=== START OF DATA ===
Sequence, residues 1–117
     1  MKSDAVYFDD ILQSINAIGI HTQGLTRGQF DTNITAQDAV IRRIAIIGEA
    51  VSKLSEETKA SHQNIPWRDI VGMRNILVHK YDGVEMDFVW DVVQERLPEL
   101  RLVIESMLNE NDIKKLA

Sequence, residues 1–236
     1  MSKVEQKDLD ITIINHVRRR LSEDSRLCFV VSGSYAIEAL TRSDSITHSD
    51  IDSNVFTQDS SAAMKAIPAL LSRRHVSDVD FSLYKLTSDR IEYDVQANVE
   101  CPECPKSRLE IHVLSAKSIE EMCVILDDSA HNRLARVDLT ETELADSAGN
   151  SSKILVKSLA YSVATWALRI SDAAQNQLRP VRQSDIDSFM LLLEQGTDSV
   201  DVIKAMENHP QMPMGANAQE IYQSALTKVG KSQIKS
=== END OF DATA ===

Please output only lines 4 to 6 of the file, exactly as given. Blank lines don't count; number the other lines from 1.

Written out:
   101  RLVIESMLNE NDIKKLA

Sequence, residues 1–236
     1  MSKVEQKDLD ITIINHVRRR LSEDSRLCFV VSGSYAIEAL TRSDSITHSD